Next post: The Top Two Priorities of a Pastor

Friday, March 10, 2006

The Qualities of the Pastor Delineated

These should be plain enough to understand:

"A bishop then must be blameless..." NOT SINLESS, all the pastors said, "Amen!"

"...husband of one wife..." there may be some debate on what is meant by "one wife", it is not my purpose here to debate this.

"...vigilant..." the Greek word for this means, "vigilant". Webster's says, "Watchful; circumspect; attentive to discover and avoid danger, or to provide for safety."

"...sober..." means clear minded. A pastor needs to be a clear thinker.

"...of good behavior...", or orderly [in conduct].

"...given to hospitality..." Dear pastors (who may be reading this post) are you inviting?

"...apt to teach..." this may include the spiritual gift of teaching, but the quality is in the word "apt". In other words instructive.

"...not given to wine..." Thayer's says,"given to wine, drunken", is the meaning.

" striker..." Pastors should not be quarrelsome.

"...not greedy of filthy lucre..." I am no longer surprised when well dressed "pastors" beg for a seed of faith offering (meaning one's life savings) from the TV audience, with the "promise" of prosperity quoting, " is better to give than to receive...". I don't know anyone who has ever received a check from any of these religious shysters who live like kings.

"...patient..." You want me to leave the pastors alone and move on to the office of deacon right now... don't you?

"...not a brawler..." Webster's says this is "A noisy fellow; a wrangler." Not contentious would be a better rendering, meaning not given to angry debate; not quarrelsome. In other words, pastors, don't be an argument waiting to happen.

"... not covetous..." Not avaricious, in other words not greedy of gain; nor immoderately desirous of accumulating property, (esp. that which belongs to others).

"... One that ruleth well his own house having his children in subjection with all gravity..." The charge here is that a man must be able to establish and maintain order in his home. The man must be the head of his home and must have the respect and honor of his children which will be apparent by their behavior. Why is this important? The following verse explains...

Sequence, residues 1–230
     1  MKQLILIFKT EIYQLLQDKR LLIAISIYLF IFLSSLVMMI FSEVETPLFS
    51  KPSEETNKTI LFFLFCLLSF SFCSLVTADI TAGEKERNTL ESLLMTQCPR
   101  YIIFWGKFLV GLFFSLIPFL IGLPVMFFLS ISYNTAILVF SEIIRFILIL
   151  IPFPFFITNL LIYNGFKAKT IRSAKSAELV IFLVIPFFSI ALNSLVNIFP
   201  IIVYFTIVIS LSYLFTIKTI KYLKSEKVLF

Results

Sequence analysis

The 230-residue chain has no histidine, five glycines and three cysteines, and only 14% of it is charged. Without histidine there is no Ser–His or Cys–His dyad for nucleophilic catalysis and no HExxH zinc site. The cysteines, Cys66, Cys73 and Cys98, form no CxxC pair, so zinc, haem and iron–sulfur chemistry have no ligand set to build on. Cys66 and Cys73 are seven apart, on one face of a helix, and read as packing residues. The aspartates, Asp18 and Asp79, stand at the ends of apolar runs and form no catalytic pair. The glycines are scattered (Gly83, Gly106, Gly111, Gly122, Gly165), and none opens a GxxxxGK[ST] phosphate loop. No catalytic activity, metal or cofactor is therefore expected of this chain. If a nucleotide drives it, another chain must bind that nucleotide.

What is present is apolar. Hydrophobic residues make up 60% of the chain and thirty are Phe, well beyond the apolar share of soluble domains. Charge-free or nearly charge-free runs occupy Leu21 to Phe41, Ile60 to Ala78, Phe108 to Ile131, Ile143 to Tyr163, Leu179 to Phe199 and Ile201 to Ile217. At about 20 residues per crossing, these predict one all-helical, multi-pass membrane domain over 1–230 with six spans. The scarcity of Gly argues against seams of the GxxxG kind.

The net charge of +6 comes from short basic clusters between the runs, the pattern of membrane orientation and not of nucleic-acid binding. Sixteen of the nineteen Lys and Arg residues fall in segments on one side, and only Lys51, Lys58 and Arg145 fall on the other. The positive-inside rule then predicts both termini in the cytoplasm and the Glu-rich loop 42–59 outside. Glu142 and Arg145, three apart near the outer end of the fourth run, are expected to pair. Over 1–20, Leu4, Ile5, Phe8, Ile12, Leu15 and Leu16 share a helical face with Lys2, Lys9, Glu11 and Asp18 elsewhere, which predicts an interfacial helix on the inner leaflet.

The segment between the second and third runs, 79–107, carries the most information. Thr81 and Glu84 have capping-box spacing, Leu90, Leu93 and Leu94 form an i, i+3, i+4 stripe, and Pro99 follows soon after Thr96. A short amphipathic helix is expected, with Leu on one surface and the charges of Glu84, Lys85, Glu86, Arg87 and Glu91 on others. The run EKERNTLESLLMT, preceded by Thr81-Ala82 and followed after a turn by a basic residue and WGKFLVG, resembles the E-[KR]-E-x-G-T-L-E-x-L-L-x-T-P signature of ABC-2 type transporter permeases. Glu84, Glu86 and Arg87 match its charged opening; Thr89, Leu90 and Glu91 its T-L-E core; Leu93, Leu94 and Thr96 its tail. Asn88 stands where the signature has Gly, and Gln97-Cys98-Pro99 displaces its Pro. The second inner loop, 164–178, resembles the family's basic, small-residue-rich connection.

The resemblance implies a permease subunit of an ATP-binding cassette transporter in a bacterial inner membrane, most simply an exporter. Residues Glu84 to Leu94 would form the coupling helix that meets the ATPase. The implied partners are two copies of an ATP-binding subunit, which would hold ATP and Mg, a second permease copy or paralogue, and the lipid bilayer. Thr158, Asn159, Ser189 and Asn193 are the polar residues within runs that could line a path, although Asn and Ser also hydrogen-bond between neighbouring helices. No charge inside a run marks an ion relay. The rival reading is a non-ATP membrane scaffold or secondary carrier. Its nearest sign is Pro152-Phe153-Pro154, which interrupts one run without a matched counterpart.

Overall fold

"...For if a man know not how to rule his own house, how shall he take care of the church of God...." Here is where the Bible puts the shoe leather to the pavement. Paul encapsulates all he has said up to this point and makes it very practical indeed. If you are a pastor (or if you desire to be a pastor) you have the responsibility, duty, and mandate to be one in your home as your first and primary priority. Paul's statement plainly says you are to rule your house and implies that this how to properly care for the church of God! The word care (Gk.epimeleomai) is a verb or action word it means to care for (physically or otherwise):-take care of. This word seems to be unique to Paul and his companion Luke. It is the word employed in Luke 10:34-35 the context of which is the good citizen. It is a pastoral word. This is all the more true when speaking of the oversight of the church of God.

"...Not a novice, lest being lifted up with pride he fall into the condemnation of the devil..." You may be talented, gifted, hold a prestigious position in your field of expertise, but if you are a new believer, or if you are immature in your faith... you are not yet ready for this office! If, however, you desire this "good work" pursue it! How? First become a pastor in your character.

"...Moreover he must have a good report of them which are without; lest he fall into reproach and the snare of the devil...." The pastorate is not for those who can't do anything else very well. It is for those who by virtue of doing well have a good reputation outside of the church.